Park Authority

CONTACT INFORMATION: Open during regular business hours 8 a.m. - 4:30 p.m., Monday - Friday
703-324-8700 TTY 711
12055 Government Center Pkwy.
Fairfax, Virginia 22035
Jai Cole
Executive Director

Oak Hill

Oak Hill

Oak Hill was constructed circa 1790 on the historic Ravensworth tract. It was built by Richard Fitzhugh, a descendant of one of the first land-grant holders in Northern Virginia. It was a late Georgian style dwelling that was renovated in the Colonial Revival style during the 1940s by renowned restoration architect Walter M. Macomber. The name comes from two large oak trees on the property.

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Visit of one of the oldest homes in Fairfax County with the Historic Oak Hill Open House on Saturday, Sept. 21, 2024, from 10 a.m. to 2 p.m.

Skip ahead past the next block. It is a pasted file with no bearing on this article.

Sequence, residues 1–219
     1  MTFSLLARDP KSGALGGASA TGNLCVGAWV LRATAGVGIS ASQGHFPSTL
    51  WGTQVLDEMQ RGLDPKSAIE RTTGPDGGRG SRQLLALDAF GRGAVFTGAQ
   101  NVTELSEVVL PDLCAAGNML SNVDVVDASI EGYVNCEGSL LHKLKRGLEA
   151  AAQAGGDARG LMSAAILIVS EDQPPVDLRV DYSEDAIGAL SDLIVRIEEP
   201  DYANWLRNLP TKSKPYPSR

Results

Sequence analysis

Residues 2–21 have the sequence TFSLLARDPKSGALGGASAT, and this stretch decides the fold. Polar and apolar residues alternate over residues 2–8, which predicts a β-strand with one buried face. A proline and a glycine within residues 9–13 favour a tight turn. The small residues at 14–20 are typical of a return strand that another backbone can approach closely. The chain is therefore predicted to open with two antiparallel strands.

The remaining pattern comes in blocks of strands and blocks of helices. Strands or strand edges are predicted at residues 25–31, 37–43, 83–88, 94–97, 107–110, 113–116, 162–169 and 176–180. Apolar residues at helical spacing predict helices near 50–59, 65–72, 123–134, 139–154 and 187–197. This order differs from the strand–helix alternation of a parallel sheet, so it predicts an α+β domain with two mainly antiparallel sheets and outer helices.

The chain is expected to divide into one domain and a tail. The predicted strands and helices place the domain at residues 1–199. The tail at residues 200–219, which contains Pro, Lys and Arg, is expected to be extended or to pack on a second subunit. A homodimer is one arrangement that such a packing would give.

Please note, Historic Oak Hill is a private residence and is only available for public access on September 21 from 10 a.m. to 2 p.m.

Tour participants are encouraged to carpool and utilize parking on the residential streets adjacent to Oak Hill.

In 2004, Seville Homes, the Northern Virginia Conservation Trust, the Fairfax County Park Authority and the Fairfax County Board of Supervisors agreed to a historic and conservation easement to preserve the privately-owned Oak Hill home and property, including its 200-year-old boxwoods. As part of the agreement, the owners may be asked to open the property and the first floor of the home periodically to share this important piece of county history. Since the property was saved, the community has been invited to visit the manse each year for home tours and outdoor displays celebrating local history and the environment.